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Amtrak: Long distance trains Federal responsibility

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The operation of long distance trains is a core federal responsibility since 1971 and a federally-funded national system is the best way to keep costs low, provide customer choices that build ridership and develop economies of scale, Amtrak President and CEO Joe Boardman told a Congressional committee today.

“Congress is clearly 100 percent in charge in directing how long distance train service is provided in the United States and has been ever since it created Amtrak more than 40 years ago,” Boardman said. “Should Congress again decide in the next passenger rail reauthorization to continue a national system, Amtrak is dedicated to ensuring that long distance trains are sustained and run as efficiently and effectively as possible.”

Boardman explained that federal law requires Amtrak to operate a national passenger rail system that includes long distance routes. The current law also includes a “Sense of Congress” statement that declares “long distance passenger rail is a vital and necessary part of our national transportation system and economy.”

He noted that long distance trains are a public service, provide national connectivity and mobility, feed riders onto the rapidly growing state-supported corridor services and deliver about half a million passengers to the Northeast Corridor each year. Since 2006, ridership on long distance trains is up nearly 27 percent and in FY 2012, six of the 15 routes set new ridership records. In addition, Amtrak long distance trains serve 40 percent of America’s rural population and are the only remaining scheduled intercity transportation in many places as intercity bus and airline service disappear from smaller communities.

Boardman stressed that a focus on improving financial performance is achieving results for America’s Railroad®, including: setting new records for ridership, revenue and on-time performance; covering 88 percent of operating costs with ticket sales and other revenues; reducing federal operating support to just 12 percent; and significantly paying down debt.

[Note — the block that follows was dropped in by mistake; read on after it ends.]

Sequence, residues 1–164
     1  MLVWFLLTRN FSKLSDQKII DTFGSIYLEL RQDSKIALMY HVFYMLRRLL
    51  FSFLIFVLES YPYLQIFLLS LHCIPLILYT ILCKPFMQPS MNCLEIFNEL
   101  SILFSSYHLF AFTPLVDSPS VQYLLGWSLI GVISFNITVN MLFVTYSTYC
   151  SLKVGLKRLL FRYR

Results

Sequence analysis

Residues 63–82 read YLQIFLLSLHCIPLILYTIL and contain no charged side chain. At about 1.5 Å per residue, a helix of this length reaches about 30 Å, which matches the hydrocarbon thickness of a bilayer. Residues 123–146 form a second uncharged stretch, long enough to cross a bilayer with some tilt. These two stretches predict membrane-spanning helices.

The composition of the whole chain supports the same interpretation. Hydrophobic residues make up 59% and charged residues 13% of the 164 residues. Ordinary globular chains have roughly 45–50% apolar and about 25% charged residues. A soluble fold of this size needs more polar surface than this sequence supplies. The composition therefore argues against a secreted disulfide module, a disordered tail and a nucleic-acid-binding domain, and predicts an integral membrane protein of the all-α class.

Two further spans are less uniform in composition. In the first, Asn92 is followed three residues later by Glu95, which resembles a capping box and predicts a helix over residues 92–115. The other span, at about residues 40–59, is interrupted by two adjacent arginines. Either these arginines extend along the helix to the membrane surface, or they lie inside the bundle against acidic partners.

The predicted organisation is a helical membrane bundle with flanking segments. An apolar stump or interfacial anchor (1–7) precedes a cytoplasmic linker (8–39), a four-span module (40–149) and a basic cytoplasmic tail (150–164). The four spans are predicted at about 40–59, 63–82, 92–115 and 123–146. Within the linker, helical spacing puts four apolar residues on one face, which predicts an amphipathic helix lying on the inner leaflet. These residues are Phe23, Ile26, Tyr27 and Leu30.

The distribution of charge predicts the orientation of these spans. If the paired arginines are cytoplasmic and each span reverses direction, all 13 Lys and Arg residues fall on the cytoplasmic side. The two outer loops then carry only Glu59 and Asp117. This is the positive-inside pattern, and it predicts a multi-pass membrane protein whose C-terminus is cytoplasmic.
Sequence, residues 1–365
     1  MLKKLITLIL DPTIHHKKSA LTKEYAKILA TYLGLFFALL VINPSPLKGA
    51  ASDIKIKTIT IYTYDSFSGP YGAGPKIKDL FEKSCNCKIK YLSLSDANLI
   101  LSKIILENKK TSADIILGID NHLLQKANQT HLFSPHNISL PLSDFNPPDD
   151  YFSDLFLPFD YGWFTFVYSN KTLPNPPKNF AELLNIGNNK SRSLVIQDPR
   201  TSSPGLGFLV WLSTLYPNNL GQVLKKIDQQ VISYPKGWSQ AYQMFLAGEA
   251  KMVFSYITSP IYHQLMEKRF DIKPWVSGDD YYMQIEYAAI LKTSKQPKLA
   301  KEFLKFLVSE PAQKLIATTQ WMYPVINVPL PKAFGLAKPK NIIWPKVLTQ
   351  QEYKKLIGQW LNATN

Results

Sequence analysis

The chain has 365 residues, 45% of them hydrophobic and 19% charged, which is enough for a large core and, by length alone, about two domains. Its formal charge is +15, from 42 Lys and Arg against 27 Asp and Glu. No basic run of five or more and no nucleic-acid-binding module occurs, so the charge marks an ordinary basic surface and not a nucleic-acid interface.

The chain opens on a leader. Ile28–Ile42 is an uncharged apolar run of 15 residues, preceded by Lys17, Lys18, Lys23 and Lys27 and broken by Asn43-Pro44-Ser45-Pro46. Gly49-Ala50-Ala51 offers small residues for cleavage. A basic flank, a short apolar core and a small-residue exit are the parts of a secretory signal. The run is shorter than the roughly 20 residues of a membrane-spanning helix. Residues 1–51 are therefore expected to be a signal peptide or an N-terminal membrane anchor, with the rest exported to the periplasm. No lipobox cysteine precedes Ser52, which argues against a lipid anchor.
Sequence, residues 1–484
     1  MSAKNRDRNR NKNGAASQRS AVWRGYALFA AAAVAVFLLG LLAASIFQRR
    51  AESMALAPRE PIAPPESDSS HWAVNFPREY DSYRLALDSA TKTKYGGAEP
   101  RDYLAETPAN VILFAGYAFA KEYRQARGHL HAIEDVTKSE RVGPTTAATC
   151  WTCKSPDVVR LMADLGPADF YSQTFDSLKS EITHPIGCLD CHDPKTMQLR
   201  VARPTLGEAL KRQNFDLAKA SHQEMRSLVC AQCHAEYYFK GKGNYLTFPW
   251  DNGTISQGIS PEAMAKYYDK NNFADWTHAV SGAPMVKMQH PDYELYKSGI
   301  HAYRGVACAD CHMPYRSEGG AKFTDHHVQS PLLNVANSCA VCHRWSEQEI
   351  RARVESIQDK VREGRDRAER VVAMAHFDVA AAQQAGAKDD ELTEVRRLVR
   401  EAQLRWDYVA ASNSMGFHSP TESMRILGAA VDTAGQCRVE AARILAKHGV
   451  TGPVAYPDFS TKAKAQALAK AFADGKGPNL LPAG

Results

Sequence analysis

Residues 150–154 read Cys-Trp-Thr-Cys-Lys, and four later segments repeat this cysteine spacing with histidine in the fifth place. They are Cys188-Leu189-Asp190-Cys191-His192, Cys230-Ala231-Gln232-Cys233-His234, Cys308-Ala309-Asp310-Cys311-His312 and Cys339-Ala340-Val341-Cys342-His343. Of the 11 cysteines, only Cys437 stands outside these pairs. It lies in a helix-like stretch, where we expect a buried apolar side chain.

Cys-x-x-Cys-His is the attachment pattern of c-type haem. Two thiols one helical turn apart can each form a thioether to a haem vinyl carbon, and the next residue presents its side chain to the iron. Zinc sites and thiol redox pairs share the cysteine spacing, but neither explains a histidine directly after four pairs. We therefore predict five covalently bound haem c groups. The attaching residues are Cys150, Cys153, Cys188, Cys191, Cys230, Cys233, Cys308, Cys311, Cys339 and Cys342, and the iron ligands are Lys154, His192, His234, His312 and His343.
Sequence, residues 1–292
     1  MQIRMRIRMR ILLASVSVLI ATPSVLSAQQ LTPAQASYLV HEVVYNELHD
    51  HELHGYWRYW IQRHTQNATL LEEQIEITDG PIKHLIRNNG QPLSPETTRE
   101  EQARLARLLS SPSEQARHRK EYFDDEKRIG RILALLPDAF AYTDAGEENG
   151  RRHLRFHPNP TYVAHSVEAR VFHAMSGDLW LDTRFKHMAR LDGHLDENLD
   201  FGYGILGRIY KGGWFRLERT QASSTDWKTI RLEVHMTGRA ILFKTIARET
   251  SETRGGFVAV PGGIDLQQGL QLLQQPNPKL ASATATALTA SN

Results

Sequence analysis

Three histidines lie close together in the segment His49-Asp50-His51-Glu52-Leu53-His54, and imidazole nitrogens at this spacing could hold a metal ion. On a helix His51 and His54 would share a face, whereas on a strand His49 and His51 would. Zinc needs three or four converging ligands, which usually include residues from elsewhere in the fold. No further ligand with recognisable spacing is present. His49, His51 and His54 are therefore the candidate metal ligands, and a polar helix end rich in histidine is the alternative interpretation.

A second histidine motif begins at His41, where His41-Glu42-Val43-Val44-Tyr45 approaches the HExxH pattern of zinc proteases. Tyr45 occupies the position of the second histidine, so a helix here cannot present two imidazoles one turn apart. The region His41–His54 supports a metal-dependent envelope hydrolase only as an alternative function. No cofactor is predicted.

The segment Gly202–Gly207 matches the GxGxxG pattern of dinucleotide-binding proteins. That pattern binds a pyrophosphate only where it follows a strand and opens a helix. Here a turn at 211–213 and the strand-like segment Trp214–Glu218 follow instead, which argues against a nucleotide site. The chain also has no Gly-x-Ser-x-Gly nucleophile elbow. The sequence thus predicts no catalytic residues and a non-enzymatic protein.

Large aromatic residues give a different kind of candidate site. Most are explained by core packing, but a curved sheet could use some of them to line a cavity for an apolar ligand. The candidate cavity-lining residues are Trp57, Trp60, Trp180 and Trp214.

He also stated that making Amtrak better is not solely about controlling and cutting costs. For example, in FY 2012, about 50 percent of Amtrak expenses were for labor costs—an amount not unique for the service industry and lower than the 55 percent average for the manufacturing sector in the U.S.
Boardman said that the national intercity passenger rail network delivers a huge public benefit and that every penny made is reinvested in Amtrak with an overwhelming majority of revenues and funding spent in America.

A copy of the full written testimony is attached and can be found here. Also attached is the language of the “Sense of Congress Regarding the Need to Maintain Amtrak as a National Passenger Rail System” found in the Passenger Rail Investment and Improvement Act of 2008.


  • MyTakeOnIt

    As I said about airline travel in the Tower Funding Tragedy recently, transportation costs should be funded by the users of the service. There are plenty of people who do not use anything but feet most of the time. Why should they subsidize (through taxes) for transportation for those who are in some sort of vehicle most of their lives?

  • Troy

    I like the picture you chose to use: a locomotive, designed for short to medium distance service, that is in rough shape at the time of the photograph, not attached to any train let alone a long distance train, and that has been sold and painted for another railroad for about ten years now. When did this photo get taken?

    *disclaimer* I am part of that 50% labor cost.

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